Local schools participating in the event included Arcanum-Butler, New Bremen, Northmont, St. Henry, Tri-County North, Tri-Village and Versailles. Students showcased projects such as computer on a wall, hearing aids for children, as well as various gaming and virtual reality projects. The event culminated in RC and autonomous car races outside in the Eldora Speedway concourse.

“Opportunities like Full Throttle STEM help stir up more creative ideas for us,” explained Tyler Brobring, a senior at St. Henry High School, who brought the early stages of a 3-D printed RC car. “I hope to eventually have a complete RC car, fully 3-D printed that will race.” Brobring has plans to attend the University of Northwestern Ohio and study robotics. He said that his back-up plan is mechanical engineering, an interest spurred by his AFRL STEM projects.

Lichtenwald stated that this event is important to the students for a number of reasons, one being that because they are in more rural areas, sometimes districts don’t have access to various resources to provide content for the STEM projects. That’s where AFRL steps in.

AFRL’s involvement also broadens students’ understandings of what may be possible career choices.

“In our small rural district, these projects bring more opportunities for our students to see what’s beyond just the regular classroom,” said Laini Ferriell, a gifted program coordinator with Tri County North schools. “It gives them a touch of developing skills, and other skills like the ability to communicate with one another.”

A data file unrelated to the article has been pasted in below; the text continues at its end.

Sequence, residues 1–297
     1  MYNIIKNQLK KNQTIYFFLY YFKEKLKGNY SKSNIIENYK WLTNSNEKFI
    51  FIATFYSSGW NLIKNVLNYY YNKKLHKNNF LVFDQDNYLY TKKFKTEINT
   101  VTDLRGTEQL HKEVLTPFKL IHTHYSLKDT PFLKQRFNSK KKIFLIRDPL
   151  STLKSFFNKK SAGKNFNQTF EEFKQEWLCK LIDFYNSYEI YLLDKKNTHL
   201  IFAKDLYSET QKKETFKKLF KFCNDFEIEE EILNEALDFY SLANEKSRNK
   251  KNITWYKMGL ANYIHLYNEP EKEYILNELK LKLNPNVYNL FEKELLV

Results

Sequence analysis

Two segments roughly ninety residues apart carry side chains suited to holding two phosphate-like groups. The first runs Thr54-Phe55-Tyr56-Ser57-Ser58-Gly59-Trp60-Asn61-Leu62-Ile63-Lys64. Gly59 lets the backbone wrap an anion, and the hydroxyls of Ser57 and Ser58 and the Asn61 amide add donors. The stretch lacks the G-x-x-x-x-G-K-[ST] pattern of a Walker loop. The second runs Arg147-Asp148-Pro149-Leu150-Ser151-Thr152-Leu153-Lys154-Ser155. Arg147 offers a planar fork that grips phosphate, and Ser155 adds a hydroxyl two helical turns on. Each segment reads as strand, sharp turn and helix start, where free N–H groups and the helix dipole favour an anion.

Ferriell explained that the STEM program for her younger students started out with cardboard and masking tape, but has evolved to opportunities like computer programing, Lego robotics, and the RC cars.

Instructional Coach Lisa Galpin said that her younger students look up to the high school students, and that the interaction helps them.

“It helps them to learn that it’s okay to ask for help, and they gain confidence when they are able to communicate with older STEM students and members of the military about their projects,” explained Galpin, who also works for Tri County North schools.

Another reason this event is important, explained Lichtenwald, is because there is a huge talent pool for the Air Force and the Department of Defense in these rural school districts.

“When students can’t come to us, it’s important for us to come out to them. We’re really able to demystify STEM content and projects,” he said. “By exposing students to all sorts of different technology, we’re showing them that it doesn’t matter that the ideas might be pie-in-the-sky right now. We show them that they don’t have to be scared of all this technology.”

Full Throttle STEM has been a staple of 711HPW’s Gaming Research Integration for Learning Laboratory, or GRILL, and has had continued support and partnerships throughout the community.

This annual event began in 2011 with the intent to inspire student interest in science, technology, engineering and mathematics. It also enables students to learn about relevant United States Air Force career opportunities.

The event expanded a little bit from past years, and now has invited elementary students to observe. Next year’s event is tentatively scheduled for May.